Going Back to the Drawing Board on Education

Moving education from the classroom to the computer


Every country in the world is reforming their education system at the moment. The big question is whether our education system needs reforming, or if we should completely reinvent it.

In his talk on how schools kill creativity, Sir Ken Robinson argued that schools do not work in a realistic way. First, they create a narrow view of intelligence that doesn’t take into account the different forms of human talent. Second, schools supress imagination and creativity in favour of ‘the right answer’. Third, they assume that every ten year old learns at the same rates in the same subjects.

Our education system is a creature of the period it was created in. Back in the industrial age it made sense to emphasise the basic subjects like maths and English which were required for work. Students went through the school system as if on a conveyor belt, coming out (hopefully) able to read, write and do basic arithmetic. It was a ‘one size fits all system’.

We now have a mountain of research from bodies the American Psychiatric Association, Cambridge University and the Association for Supervision and Curriculum Development which shows that not every child develops at the same rates. This leads to big problems in terms of children being left behind or bored with how slow they are going. As a result many students find themselves opting out of the system.

A huge issue with our education system is that it trains students to learn off, to parrot back and to flounder when not given specific instructions. This both kills creativity, and also creates employees who won’t do something unless specifically asked. If they run into a problem they’ll resign themselves to it if the solution isn’t immediately obvious or prescribed.

We look for the right answer, not the best answer. All of the important ideas have occurred, not because someone asked ‘can we make what we have better’, but said ‘can we make something that no one has ever considered before.’ What innovation we have is not because of our current education system, but in spite of it.

One of the most amazing advancements in technology in recent times is the idea that if we want to learn about something, check a definition or watch a tutorial, all we have to do is Google it. This is a tool our schools should be utilising more often for a few reasons.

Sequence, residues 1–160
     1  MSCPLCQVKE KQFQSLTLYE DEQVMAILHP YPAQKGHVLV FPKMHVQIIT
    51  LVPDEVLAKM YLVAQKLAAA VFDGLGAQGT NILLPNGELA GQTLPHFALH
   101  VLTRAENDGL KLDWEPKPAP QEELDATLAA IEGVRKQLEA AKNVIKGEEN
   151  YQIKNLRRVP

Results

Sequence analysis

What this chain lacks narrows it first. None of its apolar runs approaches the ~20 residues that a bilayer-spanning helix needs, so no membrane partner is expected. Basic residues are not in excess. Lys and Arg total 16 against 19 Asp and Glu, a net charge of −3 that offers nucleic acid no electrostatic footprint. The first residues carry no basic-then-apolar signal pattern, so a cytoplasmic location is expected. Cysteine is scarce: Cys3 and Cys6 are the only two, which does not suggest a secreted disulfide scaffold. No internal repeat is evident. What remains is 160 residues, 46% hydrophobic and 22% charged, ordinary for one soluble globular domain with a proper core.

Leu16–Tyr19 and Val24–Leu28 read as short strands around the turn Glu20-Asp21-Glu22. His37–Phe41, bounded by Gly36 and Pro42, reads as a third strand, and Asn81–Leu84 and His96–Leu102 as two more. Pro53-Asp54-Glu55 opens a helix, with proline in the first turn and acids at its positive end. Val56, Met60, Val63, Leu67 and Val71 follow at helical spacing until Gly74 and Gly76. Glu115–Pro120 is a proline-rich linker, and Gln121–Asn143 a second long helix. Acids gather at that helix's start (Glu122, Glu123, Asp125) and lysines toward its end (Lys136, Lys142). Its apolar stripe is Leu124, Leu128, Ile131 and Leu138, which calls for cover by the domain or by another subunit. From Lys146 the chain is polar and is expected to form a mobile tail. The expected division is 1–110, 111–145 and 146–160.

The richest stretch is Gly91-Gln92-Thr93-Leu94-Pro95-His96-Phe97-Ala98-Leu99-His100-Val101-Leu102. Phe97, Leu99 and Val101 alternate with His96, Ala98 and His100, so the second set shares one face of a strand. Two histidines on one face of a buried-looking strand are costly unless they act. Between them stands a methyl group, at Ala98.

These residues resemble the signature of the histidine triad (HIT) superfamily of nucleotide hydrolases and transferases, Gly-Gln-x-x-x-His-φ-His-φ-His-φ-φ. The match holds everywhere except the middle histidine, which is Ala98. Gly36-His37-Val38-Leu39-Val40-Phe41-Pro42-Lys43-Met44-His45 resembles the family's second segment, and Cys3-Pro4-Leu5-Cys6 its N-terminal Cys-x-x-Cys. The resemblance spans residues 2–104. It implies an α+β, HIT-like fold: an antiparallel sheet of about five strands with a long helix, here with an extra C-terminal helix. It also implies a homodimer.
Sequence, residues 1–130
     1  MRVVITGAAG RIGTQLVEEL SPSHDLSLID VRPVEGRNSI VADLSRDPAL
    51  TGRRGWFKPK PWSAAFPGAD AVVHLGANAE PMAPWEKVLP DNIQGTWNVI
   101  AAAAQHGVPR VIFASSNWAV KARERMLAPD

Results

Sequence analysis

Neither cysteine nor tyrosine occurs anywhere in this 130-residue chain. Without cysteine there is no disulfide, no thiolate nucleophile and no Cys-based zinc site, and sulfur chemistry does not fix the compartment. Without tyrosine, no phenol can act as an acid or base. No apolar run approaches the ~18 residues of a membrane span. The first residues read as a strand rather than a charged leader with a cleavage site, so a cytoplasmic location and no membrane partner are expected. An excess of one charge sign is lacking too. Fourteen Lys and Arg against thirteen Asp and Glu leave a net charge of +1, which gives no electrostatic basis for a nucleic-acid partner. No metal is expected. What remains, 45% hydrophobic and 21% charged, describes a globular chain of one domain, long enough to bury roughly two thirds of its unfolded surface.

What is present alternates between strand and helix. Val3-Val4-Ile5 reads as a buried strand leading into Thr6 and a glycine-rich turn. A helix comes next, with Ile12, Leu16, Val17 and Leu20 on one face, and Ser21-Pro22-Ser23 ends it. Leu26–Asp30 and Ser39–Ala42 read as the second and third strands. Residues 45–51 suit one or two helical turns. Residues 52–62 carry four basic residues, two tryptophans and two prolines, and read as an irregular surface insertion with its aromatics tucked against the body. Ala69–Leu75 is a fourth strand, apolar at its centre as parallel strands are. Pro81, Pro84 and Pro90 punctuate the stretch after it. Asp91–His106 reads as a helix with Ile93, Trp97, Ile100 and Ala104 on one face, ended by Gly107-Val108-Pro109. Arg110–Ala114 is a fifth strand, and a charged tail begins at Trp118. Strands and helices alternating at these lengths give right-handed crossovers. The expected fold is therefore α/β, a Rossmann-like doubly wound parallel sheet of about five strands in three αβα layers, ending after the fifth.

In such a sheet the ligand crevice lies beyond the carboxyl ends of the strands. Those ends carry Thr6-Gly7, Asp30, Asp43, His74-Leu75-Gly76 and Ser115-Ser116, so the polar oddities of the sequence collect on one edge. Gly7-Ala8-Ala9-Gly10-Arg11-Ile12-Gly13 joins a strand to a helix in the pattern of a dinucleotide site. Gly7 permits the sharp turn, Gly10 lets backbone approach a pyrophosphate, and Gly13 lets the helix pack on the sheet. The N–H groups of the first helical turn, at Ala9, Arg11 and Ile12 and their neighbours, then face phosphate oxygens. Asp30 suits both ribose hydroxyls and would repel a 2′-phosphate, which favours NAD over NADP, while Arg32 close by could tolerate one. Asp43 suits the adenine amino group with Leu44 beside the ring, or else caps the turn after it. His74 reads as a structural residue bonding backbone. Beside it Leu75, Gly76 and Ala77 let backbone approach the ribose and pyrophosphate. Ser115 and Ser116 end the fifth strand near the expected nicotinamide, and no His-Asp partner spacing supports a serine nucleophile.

First, it means that we could create a system where a child can learn at their own rate. The idea that all a teacher needs to do is give their lesson and every child in the class will equally appreciate and understand the facts is, in practice, wrong.

Some children need the teacher to slow down and re-explain certain things. Others get it straight away and become bored. Unfortunately there is no ability for our students at the moment to watch the lesson again, to rewind at certain bits, but there could be.

Second, it allows children to learn at home and then if they want ask their teacher specific questions later, rather than the other way around. Lessons require the teacher to deliver generic information. Instead, they should be available to answer specific questions, to work individually with students and to provide situations where students can be more creative rather than sitting still and being expected to pay attention.

Third, what we find on the internet is often far more interesting, and interactive, than watching your teacher write something on the board. There is the capability for interactive quizzes, getting the most stimulating lectures from the best teachers and to discuss ideas with other students simultaneously.

Fourth, and possibly most important, it could be used to facilitate students’ creativity. We could create specific courses for individual students according to their interests and talents. Students could be facilitated to do group projects or work individually during school in order to let them apply the concepts they learned in their lessons at home. There are a number of possibilities which become open to schools once that lesson time isn’t taken up.

There are a number of courses you can take online which have embraced this technology, including edX, a coding course, Duolingo, for languages and Coursera, which teaches a number of different university courses.

Probably the best known site for secondary school classes is Khan Academy. Some teachers have already used these videos, assigning them as homework, and then putting what used to be homework, such as working through sums, into the classroom. It facilitates interaction not only between the teacher and student, but also between the students themselves.

An example of where this system has worked is in Los Altos, California. The school has introduced a tracking system, which logs how proficient each student is at a subject based on how well they did on the questions at the end of the video, whether they watched it all the way through and if they had to pause a lot. If a student is having problems then either the teacher or another student who already understands that subject can help them.

There are so many options we have available to us. Yet, for some reason we still have a system of copybooks and blackboards and treating our children as a group rather than the individuals they are. We need to go back to the drawing board on education.

Author: Liz O'Malley

Freelance journalist, sometime law student, political junkie, pasta addict.

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